Pharming se centra en vacas para sintetizar otras proteinas en mayores cantidades. La compañía está trabajando con el ejército de Estados unidos en leche de vaca que contenga fibrinógeno humano, una proteínna que ayuda a la sangre a coagular.

Otras compañias estan utilizando la ingeniería genética para sintetizar leche con proteinas para vacunas, anticuerpos monoclonales y suplementos nutricionales.



 

 

http://businessmirror.com.ph/index.php?option=com_content&view=article&id=4697:bioengineered-goats-churn-out-medicines&catid=44:science&Itemid=69

 

 Bioengineered goats churn out medicines

Science 

Written by Karen Kaplan / Los Angeles Times   

Sunday, 18 January 2009 17:56

They have four legs, fuzzy faces and udders full of milk.

            To the uninitiated, they look like dairy goats. To GTC Biotherapeutics Inc., they’re cutting-edge drug-making machines.

            The goats being raised on a farm in central Massachusetts are genetically engineered to make a human protein in their milk that prevents dangerous blood clots from forming. The company extracts the protein and turns it into a medicine that fights strokes, pulmonary embolisms and other life-threatening conditions.

            GTC has asked the Food and Drug Administration (FDA) to OK the drug, called ATryn. An expert panel voted overwhelmingly on Friday that it is safe and effective, putting it on the verge of becoming the first drug from a genetically engineered animal to be approved in the United States. The agency is expected to make a final decision in early February.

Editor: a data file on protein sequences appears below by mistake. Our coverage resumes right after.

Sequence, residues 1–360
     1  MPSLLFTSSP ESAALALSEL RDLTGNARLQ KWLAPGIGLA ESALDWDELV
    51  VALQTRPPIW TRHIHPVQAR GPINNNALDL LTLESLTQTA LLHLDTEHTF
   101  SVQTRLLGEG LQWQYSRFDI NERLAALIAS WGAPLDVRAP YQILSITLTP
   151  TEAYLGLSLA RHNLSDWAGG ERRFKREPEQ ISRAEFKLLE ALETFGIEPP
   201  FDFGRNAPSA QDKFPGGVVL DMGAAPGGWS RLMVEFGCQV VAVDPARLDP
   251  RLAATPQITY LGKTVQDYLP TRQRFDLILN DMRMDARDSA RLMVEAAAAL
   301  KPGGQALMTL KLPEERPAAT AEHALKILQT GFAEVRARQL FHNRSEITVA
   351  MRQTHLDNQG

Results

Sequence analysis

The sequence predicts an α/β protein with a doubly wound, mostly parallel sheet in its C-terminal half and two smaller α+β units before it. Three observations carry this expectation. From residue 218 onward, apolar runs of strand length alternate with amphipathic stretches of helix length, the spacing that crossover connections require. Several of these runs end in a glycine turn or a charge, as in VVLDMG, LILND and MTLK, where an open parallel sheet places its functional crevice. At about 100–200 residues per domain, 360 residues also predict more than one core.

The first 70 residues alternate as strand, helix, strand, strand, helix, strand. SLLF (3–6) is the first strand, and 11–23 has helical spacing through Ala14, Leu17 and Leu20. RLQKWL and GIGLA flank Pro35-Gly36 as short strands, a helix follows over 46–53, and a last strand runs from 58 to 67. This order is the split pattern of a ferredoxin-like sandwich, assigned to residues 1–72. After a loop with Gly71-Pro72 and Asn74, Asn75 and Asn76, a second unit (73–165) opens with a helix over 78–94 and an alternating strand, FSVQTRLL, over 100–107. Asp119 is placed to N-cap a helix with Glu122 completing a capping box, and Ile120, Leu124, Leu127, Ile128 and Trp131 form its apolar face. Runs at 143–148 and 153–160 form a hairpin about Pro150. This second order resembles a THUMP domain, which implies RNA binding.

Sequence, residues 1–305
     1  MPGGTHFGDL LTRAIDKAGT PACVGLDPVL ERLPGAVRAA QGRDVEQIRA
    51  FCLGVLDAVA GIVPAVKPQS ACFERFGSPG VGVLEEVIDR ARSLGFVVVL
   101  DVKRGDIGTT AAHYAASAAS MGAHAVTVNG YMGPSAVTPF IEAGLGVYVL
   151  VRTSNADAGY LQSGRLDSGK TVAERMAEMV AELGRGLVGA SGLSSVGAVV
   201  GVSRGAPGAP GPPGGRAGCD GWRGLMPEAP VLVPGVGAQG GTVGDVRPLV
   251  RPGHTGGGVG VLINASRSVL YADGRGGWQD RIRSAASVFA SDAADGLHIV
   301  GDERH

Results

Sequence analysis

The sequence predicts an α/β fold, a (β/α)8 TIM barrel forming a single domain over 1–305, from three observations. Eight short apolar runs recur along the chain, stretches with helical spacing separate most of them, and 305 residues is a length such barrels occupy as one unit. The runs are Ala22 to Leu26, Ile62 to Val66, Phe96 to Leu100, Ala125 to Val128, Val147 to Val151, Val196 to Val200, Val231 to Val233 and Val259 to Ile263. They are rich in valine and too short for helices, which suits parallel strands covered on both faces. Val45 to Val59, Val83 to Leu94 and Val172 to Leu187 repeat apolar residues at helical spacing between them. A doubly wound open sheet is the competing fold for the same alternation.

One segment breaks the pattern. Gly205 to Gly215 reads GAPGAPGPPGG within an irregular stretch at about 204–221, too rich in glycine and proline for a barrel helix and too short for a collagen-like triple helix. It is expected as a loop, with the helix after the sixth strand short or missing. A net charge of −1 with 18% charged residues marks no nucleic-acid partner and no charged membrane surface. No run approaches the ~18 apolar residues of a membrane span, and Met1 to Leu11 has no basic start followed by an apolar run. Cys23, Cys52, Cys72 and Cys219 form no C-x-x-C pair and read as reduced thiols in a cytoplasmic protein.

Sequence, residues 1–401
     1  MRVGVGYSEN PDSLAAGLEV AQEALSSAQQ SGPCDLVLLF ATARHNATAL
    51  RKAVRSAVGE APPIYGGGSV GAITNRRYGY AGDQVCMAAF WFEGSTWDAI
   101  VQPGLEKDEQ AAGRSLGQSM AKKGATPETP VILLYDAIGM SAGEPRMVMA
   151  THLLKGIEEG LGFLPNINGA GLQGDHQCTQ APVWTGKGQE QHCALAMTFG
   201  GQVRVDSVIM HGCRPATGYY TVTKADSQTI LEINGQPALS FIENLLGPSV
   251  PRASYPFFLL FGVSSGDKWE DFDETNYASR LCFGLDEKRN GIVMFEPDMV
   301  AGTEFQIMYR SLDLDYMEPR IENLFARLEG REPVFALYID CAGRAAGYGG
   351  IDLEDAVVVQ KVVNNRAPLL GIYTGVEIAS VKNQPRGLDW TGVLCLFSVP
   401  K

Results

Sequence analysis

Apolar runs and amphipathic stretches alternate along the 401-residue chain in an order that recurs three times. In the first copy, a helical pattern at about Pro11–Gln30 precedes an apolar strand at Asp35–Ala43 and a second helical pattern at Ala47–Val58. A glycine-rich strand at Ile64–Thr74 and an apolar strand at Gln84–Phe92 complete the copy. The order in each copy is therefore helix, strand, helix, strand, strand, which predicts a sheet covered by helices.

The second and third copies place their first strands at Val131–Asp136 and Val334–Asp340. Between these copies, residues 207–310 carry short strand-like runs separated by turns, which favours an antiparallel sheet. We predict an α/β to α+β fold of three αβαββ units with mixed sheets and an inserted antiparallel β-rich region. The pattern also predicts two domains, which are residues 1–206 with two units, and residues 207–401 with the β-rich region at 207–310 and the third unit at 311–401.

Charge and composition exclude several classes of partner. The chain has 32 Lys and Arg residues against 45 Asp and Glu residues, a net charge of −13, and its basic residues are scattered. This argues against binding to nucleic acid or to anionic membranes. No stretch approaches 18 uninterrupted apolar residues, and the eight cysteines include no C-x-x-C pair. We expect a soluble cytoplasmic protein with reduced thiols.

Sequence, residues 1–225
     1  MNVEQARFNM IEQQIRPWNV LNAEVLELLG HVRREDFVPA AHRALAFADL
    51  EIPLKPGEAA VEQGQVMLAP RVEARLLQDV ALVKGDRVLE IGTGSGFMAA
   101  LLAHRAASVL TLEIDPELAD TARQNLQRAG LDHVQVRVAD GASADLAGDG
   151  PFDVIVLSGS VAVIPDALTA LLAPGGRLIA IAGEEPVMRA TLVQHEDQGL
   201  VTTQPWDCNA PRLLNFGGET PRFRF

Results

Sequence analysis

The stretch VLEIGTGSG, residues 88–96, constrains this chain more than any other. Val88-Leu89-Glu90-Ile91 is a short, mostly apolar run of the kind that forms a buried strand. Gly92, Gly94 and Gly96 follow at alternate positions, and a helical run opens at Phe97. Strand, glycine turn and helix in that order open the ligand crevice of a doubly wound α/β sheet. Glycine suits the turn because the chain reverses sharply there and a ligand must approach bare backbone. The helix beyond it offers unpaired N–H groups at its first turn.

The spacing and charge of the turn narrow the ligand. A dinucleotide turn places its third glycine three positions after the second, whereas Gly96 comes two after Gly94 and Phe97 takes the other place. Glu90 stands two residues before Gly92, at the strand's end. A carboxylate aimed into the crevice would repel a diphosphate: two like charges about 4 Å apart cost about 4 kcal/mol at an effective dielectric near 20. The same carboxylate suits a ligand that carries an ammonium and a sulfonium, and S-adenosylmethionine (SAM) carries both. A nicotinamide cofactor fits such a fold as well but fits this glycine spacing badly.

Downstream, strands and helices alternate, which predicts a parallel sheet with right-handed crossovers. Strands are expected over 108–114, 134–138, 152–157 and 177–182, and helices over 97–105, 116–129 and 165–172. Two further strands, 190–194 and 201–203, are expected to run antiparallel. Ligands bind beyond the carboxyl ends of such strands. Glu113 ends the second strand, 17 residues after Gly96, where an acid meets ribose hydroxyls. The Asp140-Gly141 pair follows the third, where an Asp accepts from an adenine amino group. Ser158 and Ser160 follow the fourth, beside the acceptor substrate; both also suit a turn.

If approved, the drug would be followed by perhaps hundreds of others made from milk produced by genetically engineered goats, cows, rabbits and other animals. Other products in the pipeline are designed to treat people with hemophilia, severe respiratory disease and debilitating swollen tissues.

            “As soon as we were able to make genetically engineered animals, this was an obvious thing to do,” said James Murray, a geneticist and professor of animal science at the University of California, Davis. “It’s totally cut and paste. This is kindergarten stuff with molecular scissors.”

            The biotechnology industry is rooting for ATryn. The FDA’s endorsement would signal to Americans that they have nothing to fear from the futuristic technology—and suggest that the millions of dollars they’ve invested in the technology could soon begin to pay off.

            If the drug is approved, “it takes a big question mark off the table in terms of products that are developed from this technology,” said Samir Singh, president of US operations for Pharming Group, which is developing medicines using milk from genetically engineered cows and rabbits.

            The public has had misgivings about eating food from genetically modified animals, and some vocal critics of such technology say the wariness could extend to medicines.

            “I think many people are going to have the same revulsion,” said Jaydee Hanson, a policy analyst at the Center for Food Safety, an advocacy group in Washington, D.C., that opposed genetic manipulation of food and animals.